People who are retiring this year who do not have savings will be relying on state pensions
One in seven people (14 per cent) due to retire in 2017 admit to having no workplace or personal retirement pot and 11 per cent of those retiring in 2017 expect to be totally or somewhat reliant on the state pension in old age.
A worker retiring after 6 April 2017 and relying solely on the new flat-rate State Pension, would have a weekly income of £159.553, or nearly £8,300 a year – falling short of the Joseph Rowntree Foundation’s minimum standard by £27.22 a week or over £1,400 a year.
The JRF’s Minimum Income Standard for a single pensioner of £186.77 a week is a benchmark of the income required to support an acceptable standard of living in retirement.
On average, people retiring this year estimate that the state pension will account for more than a third (35 per cent) of their income in retirement.
One in seven people due to retire in 2017 admit to having no workplace or personal retirement pot
More than two-fifths (42 per cent) of those retiring this year who have their own pension hold the majority of their savings in a workplace final salary pension scheme.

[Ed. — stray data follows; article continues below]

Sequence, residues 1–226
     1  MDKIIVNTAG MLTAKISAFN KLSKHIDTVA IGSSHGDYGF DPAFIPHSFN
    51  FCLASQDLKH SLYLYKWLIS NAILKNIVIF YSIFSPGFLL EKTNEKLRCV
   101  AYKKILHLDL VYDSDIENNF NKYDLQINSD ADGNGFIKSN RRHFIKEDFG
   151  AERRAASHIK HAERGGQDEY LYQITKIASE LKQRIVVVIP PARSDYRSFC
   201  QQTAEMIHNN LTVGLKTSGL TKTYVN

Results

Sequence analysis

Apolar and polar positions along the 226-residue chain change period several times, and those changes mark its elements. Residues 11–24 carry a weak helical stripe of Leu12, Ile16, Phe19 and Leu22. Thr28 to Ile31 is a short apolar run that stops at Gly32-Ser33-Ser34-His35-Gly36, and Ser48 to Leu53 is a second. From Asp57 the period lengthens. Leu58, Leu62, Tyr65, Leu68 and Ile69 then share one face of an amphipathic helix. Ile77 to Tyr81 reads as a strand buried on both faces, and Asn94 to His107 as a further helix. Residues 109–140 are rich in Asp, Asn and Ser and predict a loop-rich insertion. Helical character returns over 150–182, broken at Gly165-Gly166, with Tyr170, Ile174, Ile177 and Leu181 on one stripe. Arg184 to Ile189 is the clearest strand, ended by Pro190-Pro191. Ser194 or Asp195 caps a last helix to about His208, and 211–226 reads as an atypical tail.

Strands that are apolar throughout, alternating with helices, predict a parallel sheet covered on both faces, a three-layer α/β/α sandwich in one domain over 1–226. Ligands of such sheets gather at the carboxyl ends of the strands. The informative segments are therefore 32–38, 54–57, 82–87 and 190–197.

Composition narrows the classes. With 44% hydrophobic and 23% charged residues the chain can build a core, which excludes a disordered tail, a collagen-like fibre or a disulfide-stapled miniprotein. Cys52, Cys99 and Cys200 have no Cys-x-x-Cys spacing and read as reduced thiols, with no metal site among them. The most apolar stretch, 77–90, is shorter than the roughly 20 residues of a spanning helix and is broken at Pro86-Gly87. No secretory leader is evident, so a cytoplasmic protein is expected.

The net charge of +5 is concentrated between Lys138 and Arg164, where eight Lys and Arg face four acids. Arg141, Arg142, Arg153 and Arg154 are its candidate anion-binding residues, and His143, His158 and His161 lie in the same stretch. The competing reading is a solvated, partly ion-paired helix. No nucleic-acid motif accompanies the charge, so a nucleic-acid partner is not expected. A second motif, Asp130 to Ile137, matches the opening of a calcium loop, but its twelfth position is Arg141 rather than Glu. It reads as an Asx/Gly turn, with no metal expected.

These schemes are often described as “gold plated” as they promise savers a certain level of income when they retire – but they are becoming increasingly rare as companies find them expensive to run.
It is important to try to save as much as you can from as early as you can
Stan Russell, a retirement income expert at Prudential, said: “People throughout their working lives should be doing everything they can to ensure that they are entitled to the full amount of state pension, including making voluntary National Insurance contributions to cover any missing years.
“However, for many working people the state pension will always be viewed as just one aspect of retirement planning.
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"It is therefore concerning that some pensioners who are due to retire this year will rely solely on the state pension and will face retirement incomes of £1,400 below the Joseph Rowntree Foundation’s minimum level required to live comfortably.
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“While saving is not always easy, especially when the multitude of costs in everyday life get in the way, it is important to try to save as much as you can from as early as you can, to help to avoid financial struggles during retirement.”
There was better news for women.
Nine per cent of men retiring this year will not have a private pension
The survey of 1,000 people heading into retirement this year suggests women are more likely to have made some private pension provision than female colleagues retiring a year ago.
Nearly one in five (19 per cent) will be doing so without a private pension, compared with 22 per cent who said the same in 2016.
Meanwhile, nine per cent of men retiring this year will not have a private pension – a slightly higher figure than the seven per cent who said this when similar research was carried out in 2016.